Link Posted: 1/10/2002 4:37:48 AM EDT
Upon the conviction of a person on the second offense only, a judge may sentence such person to participate in a court approved inpatient alcohol or drug treatment program pursuant to subdivision (a)(4). For the third conviction, there shall be imposed a fine of not less than one thousand one hundred dollars ($1,100) nor more than ten thousand dollars ($10,000), and the person or persons shall be confined in the county jail or workhouse for not less than one hundred twenty (120) days nor more than eleven (11) months and twenty-nine (29) days, and the court shall prohibit such convicted person or persons from driving a vehicle in the state of Tennessee for a period of time of not less than three (3) years nor more than ten (10) years. Notwithstanding any other provision of law to the contrary, the fourth or subsequent conviction shall be a Class E felony punishable by a fine of not less than three thousand dollars ($3,000) nor more than fifteen thousand dollars ($15,000); by confinement for not less than one hundred fifty (150) consecutive days, to be served day for day, nor more than the maximum punishment authorized for the appropriate range of a Class E felony; and the court shall prohibit the person from driving a motor vehicle for a period of five (5) years. For the provisions of the preceding sentence to apply, at least one (1) of the violations of § 55-10-401 must occur on or after July 1, 1998. After service of at least the minimum sentence day for day, the judge has the discretion to require an individual convicted of a violation of the provisions of §§ 55-10-401 - 55-10-404 to remove litter from the state highway system, public playgrounds, public parks or other appropriate locations for any prescribed period or to work in a recycling center or other appropriate location for any prescribed period of time in lieu of or in addition to any of the penalties otherwise provided in this section; provided, that any person sentenced to remove litter from the state highway system, public playgrounds, public parks or other appropriate locations or to work in a recycling center shall be allowed to do so at a time other than such person's regular hours of employment. _______________________________________________ That link might not be exact, but it'll get you in the neighborhood. Looks like it's not a felony until the 4th offense, assuming no other circumstances like fleeing the scene, homicide, etc.
Link Posted: 1/10/2002 4:55:10 AM EDT
TN law is irrelevant, since the Lautenberg Amendment forbids ANY person convicted of ANY kind of felony from owning/using/transferring firearms, even if it was a state crime, and not federal. A case went before the SCOTUS a while ago re two businessmen from Louisiana who had served time for felony financial crime (insider trading, embezzling, or some such). They were suing to get their rights back in order to go hunting again (Ah, yes- hunters, always wanting exceptions for themselves....[rolleyes]), on the basis that the crimes were not under the Fed statutes, and were non-violent, so the GCA of 1968 and the Lautenberg Amendment, forbidding all persons convicted of a felony from owning guns, did not apply. The Supremes ruled that, even though the crimes had been non-violent, the men could not get back their gun rights because a felony is a felony, acc. to the law. If the Feds find out that he has guns, your ex-felon pal is, barring a miracle, S.O.O.L. ......................... There was talk at my synagogue about posting "Gun Free Zone" signs. I suggested instead that we just post signs that say, "Unarmed Jews Here. Open Season." That was the last I heard about signs. - --kbs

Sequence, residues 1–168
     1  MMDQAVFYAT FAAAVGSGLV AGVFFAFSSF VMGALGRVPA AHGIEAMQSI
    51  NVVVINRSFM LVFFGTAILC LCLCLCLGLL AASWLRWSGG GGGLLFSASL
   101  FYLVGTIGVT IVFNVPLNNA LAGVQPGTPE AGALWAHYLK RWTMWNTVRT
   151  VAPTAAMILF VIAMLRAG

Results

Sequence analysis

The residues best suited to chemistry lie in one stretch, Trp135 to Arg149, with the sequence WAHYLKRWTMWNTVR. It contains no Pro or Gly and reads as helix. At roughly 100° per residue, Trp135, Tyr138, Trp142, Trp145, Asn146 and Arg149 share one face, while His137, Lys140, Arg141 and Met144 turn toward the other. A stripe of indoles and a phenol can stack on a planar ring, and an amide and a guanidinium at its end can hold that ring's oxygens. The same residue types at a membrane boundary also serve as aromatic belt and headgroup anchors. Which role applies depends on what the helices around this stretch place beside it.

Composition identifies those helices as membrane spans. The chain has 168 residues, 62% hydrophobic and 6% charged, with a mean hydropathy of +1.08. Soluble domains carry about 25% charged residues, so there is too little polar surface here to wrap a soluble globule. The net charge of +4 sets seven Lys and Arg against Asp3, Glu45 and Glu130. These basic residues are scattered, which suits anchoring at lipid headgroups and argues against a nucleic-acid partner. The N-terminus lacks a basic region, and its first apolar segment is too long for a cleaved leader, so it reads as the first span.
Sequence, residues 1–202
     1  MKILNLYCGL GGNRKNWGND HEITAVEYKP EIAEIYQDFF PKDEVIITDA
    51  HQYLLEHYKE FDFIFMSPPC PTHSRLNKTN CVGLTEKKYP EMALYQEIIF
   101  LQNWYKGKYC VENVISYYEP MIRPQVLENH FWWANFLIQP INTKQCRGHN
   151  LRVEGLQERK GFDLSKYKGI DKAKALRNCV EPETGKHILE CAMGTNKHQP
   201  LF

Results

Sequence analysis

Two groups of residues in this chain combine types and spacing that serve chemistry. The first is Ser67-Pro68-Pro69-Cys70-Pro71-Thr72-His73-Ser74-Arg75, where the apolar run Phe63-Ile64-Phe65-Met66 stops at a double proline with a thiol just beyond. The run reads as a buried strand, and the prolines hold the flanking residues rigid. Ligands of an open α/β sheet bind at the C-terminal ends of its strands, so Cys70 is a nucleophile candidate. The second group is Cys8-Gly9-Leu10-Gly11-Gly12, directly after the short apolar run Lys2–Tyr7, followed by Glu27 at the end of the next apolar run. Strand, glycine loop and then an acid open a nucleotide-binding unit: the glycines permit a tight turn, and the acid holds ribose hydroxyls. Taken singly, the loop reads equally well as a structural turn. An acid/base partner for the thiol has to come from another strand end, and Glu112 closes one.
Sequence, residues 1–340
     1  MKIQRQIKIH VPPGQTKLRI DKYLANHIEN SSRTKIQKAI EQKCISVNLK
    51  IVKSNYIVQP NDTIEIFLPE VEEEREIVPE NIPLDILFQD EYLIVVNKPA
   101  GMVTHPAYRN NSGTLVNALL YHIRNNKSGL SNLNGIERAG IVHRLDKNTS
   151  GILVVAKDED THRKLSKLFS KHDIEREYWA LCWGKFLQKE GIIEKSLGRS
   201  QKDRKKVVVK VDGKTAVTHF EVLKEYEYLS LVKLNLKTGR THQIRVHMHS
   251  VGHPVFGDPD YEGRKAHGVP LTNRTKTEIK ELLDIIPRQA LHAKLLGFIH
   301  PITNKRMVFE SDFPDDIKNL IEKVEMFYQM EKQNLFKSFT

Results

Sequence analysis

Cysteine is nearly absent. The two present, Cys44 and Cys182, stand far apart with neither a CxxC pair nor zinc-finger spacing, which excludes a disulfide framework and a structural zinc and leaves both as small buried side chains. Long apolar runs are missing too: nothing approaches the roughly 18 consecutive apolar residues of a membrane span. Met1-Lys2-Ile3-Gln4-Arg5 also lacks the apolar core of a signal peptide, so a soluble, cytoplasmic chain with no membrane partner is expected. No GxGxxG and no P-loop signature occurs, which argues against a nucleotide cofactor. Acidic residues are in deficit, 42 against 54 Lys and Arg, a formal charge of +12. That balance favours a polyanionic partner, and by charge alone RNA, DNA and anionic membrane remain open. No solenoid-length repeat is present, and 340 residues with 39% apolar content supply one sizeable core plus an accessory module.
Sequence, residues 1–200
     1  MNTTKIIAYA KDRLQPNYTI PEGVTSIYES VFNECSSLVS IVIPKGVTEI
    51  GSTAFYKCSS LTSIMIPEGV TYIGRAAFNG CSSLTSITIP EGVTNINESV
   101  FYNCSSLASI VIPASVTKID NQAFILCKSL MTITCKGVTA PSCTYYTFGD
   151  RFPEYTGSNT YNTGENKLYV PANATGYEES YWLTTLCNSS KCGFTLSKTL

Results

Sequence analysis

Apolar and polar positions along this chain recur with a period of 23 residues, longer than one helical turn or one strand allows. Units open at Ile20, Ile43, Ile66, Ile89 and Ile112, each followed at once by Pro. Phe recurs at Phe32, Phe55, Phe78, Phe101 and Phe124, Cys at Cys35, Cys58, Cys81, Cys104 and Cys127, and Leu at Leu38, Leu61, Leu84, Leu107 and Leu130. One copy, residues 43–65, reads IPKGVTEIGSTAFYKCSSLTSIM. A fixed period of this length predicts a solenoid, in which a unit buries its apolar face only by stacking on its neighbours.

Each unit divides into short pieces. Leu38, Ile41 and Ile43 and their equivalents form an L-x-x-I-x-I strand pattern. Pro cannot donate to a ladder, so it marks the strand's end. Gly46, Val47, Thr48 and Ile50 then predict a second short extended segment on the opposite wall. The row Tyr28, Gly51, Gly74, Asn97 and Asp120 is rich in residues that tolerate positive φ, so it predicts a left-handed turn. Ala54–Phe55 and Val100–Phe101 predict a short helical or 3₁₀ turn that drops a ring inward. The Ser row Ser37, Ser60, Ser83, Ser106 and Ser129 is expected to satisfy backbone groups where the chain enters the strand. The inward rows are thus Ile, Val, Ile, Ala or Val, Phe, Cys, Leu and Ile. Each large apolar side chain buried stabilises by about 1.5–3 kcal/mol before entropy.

Link Posted: 1/10/2002 10:09:51 AM EDT
Originally Posted By Juggernaut: OK- Person at work has been bugging me to find this out for him- Can an adult in the state of TN, with a non-violent(DUI) felony, legally purchase/own a handgun?I bugged around the NRA website seeking legal confirmation, but couldn't find it. Juggernaut
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NO!!!!!! A FELON is BANNED from owning (even HOLDING, technically) ANY firearm. This is a Federal law & has nothing to do with TN law. And of course even a misdemeanor conviction of domestic violence now precludes firearm ownership. And yes, I live in TN & work gunshows.
Link Posted: 1/10/2002 10:34:16 AM EDT
In Missouri your first two DWI's are Misd. the third and so on are Felony. just my 2 cents medcop
Link Posted: 1/10/2002 12:16:53 PM EDT
Originally Posted By GovtThug: Ok, I'm in a real hurry here, but here's what I found in the Tennessee code, Title 55 about DUI: [url]http://198.187.128.12/tennessee/lpext.dll?f=templates&fn=fs-main.htm&2.0[/url]
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Yes! Thanks, I needed a link. I figured I knew the answer, but I needed solid proof. Guess he's screwed then, unless he gets it rescinded. Thanks! Juggernaut
Link Posted: 1/10/2002 3:15:22 PM EDT
Don't keep us hanging, was it a fourth offense, or were there other crimes involved as well?